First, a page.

By Lisa Fabrizio
It's a weird thing in this country. When it comes to state and local elections, American citizens seem to act in a responsible manner; that is, they actually do the work necessary to make informed and responsible choices in the voting booth. People seem to be able to grasp the issues that affect their lives and then make sober decisions based on what is beneficial for them and their families. Yet, when it comes to presidential elections, all bets are off.
Every fourth November all critical thinking seems to go out the window. One of the most important decisions an American can make is often treated as nothing more than a popularity contest. The quest for the next leader of the free world is frequently the butt of late-night TV jokes and worse. Whereas folks realize that their local and state representatives will have a great impact on their social and financial well-being and then vote accordingly, when it comes to selecting a Commander-in-Chief, they act like judges on American Idol. But why?
Can it be that the collusion of the press is more pronounced when the White House is at stake? Recall the dirty dealings of the so-called JournoList, a group of leftists in the media who conspired to kill stories that might hurt the 2008 Obama campaign. Although this sort of thing has been rumored to exist for years, its exposure was greeted by the rest of the media to the sound of cricket chirps. Yet such is what passes for objective journalism in America today.
But that's not the only arm of the left with which we have to contend. The Nazis had their Hitler Youth and Mussolini had his baby Black Shirts, but here in America we have the public school system. Armed with federal money from pre-school Head Start programs all the way through Pell Grants, and staffed by loyal NEA unionistas, new waves of young socialists roll out of our classrooms and college campuses every day, eager to embrace the Nanny State and "make a difference."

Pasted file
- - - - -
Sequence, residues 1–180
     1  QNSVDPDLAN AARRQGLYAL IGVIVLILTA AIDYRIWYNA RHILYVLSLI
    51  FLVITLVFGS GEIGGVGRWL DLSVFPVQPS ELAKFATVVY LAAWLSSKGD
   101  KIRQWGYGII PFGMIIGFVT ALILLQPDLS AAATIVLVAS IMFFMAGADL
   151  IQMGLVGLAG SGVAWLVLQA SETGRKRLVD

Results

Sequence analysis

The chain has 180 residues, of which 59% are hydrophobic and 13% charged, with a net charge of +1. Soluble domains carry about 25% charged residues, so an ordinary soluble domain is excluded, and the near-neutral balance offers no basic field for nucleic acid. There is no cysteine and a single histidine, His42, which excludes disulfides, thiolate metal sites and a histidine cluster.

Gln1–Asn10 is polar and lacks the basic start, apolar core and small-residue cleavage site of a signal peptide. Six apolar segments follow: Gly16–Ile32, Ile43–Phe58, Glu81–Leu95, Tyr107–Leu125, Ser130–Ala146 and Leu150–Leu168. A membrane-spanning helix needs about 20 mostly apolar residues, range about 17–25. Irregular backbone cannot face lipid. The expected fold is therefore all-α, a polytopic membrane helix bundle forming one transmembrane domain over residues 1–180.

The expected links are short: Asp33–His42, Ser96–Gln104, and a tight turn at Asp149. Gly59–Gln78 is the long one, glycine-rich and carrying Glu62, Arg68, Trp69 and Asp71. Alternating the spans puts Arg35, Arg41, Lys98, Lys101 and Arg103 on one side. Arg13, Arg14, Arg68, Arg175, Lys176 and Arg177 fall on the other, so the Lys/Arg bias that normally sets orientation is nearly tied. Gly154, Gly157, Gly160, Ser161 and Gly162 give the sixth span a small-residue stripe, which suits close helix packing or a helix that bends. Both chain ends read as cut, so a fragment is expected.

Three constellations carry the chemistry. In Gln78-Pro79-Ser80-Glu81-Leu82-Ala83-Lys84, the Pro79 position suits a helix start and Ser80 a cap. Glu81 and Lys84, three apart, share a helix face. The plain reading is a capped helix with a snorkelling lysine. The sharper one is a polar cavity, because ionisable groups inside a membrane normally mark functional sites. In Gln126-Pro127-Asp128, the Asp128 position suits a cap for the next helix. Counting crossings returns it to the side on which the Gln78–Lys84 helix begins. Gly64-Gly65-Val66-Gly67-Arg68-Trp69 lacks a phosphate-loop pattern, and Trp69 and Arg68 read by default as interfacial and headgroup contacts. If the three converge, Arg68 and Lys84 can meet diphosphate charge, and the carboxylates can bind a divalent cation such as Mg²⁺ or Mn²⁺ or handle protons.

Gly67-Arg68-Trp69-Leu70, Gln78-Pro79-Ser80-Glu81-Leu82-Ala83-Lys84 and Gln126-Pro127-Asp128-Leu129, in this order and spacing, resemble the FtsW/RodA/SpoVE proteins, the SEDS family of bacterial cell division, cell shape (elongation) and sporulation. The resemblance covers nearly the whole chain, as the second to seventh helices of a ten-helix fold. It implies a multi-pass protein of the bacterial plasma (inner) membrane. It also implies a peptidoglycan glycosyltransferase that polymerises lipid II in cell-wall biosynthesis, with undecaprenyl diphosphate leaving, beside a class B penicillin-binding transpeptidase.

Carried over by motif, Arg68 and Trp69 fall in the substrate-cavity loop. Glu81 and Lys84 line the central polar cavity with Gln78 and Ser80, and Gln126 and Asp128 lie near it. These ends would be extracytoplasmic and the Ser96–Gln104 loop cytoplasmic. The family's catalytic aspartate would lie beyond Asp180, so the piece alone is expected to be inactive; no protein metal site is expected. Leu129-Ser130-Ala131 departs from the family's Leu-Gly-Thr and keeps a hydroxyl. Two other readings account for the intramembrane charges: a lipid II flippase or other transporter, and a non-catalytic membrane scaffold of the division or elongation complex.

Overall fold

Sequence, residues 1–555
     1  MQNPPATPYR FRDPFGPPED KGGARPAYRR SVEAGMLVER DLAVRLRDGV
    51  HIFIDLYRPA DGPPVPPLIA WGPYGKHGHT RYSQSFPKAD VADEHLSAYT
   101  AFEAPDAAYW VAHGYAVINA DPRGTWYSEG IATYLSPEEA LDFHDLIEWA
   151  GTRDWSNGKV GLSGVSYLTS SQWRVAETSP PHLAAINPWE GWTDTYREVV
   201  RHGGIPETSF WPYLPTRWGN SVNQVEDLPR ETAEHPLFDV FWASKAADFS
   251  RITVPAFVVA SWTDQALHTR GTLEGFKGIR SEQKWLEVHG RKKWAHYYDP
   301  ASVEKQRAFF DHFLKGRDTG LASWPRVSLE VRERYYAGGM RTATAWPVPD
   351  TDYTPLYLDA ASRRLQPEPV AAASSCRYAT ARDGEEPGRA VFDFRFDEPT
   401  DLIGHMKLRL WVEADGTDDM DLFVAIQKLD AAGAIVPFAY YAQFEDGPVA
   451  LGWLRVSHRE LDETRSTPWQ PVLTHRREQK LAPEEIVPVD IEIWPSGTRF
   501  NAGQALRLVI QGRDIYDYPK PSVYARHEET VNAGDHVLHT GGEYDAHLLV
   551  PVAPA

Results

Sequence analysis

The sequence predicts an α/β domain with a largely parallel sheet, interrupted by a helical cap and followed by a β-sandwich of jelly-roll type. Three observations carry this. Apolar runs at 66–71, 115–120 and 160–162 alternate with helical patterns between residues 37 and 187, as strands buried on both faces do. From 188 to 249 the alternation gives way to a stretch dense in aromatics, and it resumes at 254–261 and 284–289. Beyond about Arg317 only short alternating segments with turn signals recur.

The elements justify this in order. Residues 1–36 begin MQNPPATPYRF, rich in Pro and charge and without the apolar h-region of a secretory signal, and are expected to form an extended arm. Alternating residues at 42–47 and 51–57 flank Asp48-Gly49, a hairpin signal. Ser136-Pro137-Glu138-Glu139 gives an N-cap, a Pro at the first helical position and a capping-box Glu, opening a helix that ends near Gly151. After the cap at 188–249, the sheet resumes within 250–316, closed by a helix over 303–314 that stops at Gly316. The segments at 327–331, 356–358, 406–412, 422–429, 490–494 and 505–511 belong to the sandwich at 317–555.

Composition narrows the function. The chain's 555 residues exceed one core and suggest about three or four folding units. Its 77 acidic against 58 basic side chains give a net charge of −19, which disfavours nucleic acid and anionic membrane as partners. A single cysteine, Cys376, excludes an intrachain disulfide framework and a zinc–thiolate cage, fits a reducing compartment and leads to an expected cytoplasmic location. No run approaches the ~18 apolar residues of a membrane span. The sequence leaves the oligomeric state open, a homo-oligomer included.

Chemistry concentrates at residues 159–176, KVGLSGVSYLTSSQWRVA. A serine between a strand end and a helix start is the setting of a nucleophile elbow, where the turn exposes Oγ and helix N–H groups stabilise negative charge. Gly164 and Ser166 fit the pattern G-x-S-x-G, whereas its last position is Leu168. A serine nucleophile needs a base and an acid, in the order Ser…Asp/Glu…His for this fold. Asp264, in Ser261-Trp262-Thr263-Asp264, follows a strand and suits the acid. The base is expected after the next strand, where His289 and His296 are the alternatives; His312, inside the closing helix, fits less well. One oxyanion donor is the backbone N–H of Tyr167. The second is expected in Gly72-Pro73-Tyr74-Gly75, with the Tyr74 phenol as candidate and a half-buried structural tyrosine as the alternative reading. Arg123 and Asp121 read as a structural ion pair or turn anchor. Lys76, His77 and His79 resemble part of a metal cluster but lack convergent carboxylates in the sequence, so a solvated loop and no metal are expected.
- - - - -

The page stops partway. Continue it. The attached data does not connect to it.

But perhaps the most insidious weapon at the disposal of liberals is their entertainment division; including certain TV personalities and shock jocks, who for some reason have a mesmerizing influence on a large chunk of the populace. Back in 2000, a few friends of mine who had never expressed an interest in politics shocked me by opining that George W. Bush was "an idiot." When asked how they had arrived at that learned opinion, the reply was typical: "Come on, everybody knows it!" When this dreaded phrase slips the mouths of an otherwise uninformed electorate in a presidential election year, you know the country is in big trouble.
So, if we hope to overcome liberal propaganda and presidential electoral stupidity in order to save our beloved constitutional republic, we might have to concentrate elsewhere. And a good place to start would be to work on regaining the Senate. Does this mean abandoning our efforts to depose Barack Obama? Of course not; but failing to attain that end would not necessarily be a total disaster. After all, as Conservatives, our goal in Washington is, essentially, gridlock. And if we can keep the House and add the Senate, we could reduce Obama to the lamest of lame ducks.
And the possibility of regaining the upper chamber is quite probably within our reach. The GOP has two seats that might change hands; Nevada and Massachusetts, while the Democrats are in danger of losing eight seats; most notably Nebraska, North Dakota, Missouri and Virginia. A net pickup of four seats will have Republicans in great position to blunt most, if not all, Democratic mischief.
Now many would caution that a weak candidate at the top of the ticket would automatically doom our chances, but I'm not so sure. Although a man with long coattails would naturally be a bonus, in the face of the events of the past four years, it's not really a necessity. The ugly process Democrats used to pass Obamacare -- with all its deals and backroom sleaze---was too big for even the liberal media to cover up, revealing their skullduggery to the nation. That's why incumbents like Ben "Cornhusker Kickback" Nelson have been running for the hills.
And over the hill is just where we need Democrats to be if we are to block Obama judicial nominations and other vital appointments. If the GOP can retake the Senate and live up to their reputation as obstinate obstructionists, Obama and his ilk may well be revealed as the petulant adolescents we believe them to be. Hopefully this petulance will manifest itself this coming November; if not, we can wait.